as “Piper the straight girl,” “former lesbian,” or “dyke” all of
which are either said about Piper or spoken to her face in
Litchfield. Of course, just as in Sophia’s instance, it would be
incredibly unrealistic to feature a lesbian protagonist without some
sort of confrontation with biphobia. And, again, Orange is the New
Black does not attempt to mask the realities that face marginalized
groups of any kind. Furthermore, it is not unusual for bisexual (or
queer) characters to have difficulty articulating their thoughts and
feelings about their orientation. Thus, creating a character whose
story incorporates all the hardships often associated with
identifying as LGBTQ is important and useful in taking us one step
closer to seeing series built around protagonists who may be
entirely proud of their bisexuality or other fluid identities regardless
of what those may be.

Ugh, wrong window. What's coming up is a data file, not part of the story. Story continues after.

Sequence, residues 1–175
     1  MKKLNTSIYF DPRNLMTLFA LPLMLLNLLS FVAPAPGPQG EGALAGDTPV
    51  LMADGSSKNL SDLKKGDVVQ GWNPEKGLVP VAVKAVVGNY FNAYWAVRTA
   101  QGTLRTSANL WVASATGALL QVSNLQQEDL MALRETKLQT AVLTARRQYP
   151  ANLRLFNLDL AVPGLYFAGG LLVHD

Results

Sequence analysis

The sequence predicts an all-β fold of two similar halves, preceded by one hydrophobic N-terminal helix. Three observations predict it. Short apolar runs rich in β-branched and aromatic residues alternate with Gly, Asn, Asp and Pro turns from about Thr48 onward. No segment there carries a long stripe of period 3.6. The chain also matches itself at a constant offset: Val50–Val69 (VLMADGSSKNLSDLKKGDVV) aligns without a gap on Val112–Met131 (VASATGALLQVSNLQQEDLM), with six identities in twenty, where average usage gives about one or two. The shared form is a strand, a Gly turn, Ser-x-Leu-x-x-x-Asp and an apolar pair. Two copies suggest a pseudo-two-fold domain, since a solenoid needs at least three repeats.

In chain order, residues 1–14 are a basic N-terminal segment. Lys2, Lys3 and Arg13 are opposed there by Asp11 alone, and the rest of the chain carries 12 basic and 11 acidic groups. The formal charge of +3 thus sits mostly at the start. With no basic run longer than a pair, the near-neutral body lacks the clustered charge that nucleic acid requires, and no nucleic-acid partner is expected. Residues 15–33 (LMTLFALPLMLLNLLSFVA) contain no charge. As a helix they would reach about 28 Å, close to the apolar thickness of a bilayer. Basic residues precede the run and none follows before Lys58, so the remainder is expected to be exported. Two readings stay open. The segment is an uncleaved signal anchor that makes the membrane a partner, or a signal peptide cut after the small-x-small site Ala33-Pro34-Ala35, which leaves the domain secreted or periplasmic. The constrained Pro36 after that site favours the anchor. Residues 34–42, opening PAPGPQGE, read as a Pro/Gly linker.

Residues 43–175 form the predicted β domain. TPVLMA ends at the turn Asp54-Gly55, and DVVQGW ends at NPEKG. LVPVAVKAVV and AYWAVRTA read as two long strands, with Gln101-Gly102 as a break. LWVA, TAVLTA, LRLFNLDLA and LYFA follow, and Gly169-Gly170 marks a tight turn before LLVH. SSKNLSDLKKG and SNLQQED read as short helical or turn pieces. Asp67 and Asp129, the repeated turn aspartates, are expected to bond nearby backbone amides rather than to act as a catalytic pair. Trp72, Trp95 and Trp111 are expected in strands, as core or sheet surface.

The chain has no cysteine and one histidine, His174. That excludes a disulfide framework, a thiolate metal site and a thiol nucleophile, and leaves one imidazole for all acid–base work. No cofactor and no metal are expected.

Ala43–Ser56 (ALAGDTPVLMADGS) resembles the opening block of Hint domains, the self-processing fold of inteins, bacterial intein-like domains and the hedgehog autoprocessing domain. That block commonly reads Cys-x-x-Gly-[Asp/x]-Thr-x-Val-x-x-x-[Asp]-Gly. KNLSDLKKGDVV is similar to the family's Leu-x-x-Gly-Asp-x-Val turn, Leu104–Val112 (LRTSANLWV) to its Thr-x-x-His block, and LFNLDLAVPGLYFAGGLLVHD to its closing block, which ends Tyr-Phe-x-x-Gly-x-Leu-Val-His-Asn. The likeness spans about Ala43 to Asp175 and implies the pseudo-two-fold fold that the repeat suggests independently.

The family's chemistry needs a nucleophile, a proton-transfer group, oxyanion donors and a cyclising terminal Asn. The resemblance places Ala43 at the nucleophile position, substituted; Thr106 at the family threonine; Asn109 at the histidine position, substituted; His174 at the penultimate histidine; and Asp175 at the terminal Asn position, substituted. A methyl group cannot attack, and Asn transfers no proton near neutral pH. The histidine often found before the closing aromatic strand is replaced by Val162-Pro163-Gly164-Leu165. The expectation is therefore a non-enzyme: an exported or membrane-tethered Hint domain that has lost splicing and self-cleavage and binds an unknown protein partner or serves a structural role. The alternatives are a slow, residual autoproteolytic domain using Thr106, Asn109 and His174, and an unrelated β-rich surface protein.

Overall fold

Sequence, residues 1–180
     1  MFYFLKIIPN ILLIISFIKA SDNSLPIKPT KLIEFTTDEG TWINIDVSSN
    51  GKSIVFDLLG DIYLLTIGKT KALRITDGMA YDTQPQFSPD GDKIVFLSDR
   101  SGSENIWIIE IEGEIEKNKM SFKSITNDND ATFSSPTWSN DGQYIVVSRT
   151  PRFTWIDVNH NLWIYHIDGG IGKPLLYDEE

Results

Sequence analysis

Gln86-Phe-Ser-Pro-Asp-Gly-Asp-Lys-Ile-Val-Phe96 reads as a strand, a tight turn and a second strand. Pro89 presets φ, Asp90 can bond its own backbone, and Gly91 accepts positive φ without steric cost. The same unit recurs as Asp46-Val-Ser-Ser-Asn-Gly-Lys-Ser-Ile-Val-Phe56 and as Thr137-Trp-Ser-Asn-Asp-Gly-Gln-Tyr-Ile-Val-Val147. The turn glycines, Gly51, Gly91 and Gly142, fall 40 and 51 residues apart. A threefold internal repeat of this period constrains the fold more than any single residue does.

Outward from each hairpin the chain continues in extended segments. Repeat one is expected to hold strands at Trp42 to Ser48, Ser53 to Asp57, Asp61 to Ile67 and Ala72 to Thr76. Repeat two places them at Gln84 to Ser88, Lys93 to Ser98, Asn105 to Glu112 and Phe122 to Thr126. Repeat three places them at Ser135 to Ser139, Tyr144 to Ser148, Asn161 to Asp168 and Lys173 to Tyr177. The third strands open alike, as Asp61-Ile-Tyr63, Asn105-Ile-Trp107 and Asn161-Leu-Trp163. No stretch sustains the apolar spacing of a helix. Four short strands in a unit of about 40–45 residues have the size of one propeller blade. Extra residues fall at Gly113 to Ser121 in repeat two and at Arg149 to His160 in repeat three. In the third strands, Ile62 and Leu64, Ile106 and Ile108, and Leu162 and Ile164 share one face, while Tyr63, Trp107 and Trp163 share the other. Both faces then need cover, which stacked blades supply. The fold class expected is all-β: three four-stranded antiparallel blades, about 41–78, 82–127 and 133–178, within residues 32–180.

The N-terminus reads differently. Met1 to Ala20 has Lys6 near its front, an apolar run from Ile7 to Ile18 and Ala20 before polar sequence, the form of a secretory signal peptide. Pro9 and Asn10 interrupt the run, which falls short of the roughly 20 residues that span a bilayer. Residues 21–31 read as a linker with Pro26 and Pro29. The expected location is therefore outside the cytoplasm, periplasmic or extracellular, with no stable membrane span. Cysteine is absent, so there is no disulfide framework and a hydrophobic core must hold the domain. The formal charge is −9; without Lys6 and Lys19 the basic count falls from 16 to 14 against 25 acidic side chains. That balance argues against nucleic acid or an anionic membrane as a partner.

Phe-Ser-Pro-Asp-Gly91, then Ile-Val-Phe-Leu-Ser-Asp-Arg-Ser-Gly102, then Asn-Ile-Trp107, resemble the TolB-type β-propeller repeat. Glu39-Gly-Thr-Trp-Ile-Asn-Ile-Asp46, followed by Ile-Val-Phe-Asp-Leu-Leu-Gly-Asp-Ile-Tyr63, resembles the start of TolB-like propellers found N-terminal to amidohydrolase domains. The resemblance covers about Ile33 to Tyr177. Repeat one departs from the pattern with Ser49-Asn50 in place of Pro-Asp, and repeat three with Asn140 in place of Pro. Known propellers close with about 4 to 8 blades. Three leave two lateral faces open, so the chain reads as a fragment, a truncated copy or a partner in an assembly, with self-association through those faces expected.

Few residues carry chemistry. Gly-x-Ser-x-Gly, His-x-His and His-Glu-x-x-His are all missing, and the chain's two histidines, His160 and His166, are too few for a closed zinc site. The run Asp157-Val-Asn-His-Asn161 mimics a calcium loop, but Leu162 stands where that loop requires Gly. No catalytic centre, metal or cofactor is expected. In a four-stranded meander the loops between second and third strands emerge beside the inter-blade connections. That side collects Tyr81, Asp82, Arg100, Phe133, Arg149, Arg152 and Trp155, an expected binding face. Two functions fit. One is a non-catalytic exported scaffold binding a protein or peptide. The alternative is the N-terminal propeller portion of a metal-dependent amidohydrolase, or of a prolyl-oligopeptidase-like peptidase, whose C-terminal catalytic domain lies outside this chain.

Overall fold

Questions about sexuality, gender, relationships, and
depiction on television are important for several reasons. First, the
representations are important for what is portrayed to future
generations of America. Jen Braeden, a lesbian sitcom writer, states
that she struggled through her queer identity crisis via television
(Braeden and Dalton). Through television, Braeden was able to not
only find herself but comfort herself inside stories that the real
world could not brutally interrupt. Even if children are not the
direct viewers of these revolutionary shows, their parents may be.
If these representations sway parents to incorporate a more
inclusive, fluid representation of gender and sexuality, this will be
translated to children’s minds and perspectives, into schools, and
ultimately, into adulthood. Furthermore, gender non-conforming
children may benefit from fluid parental perspectives and may then
feel supported in their own journeys through adolescence and into
adulthood. Though the LGBTQ community is becoming more
widely recognized and accepted, we are not yet close to a universal
embrace of this consistently marginalized group. Counteracting
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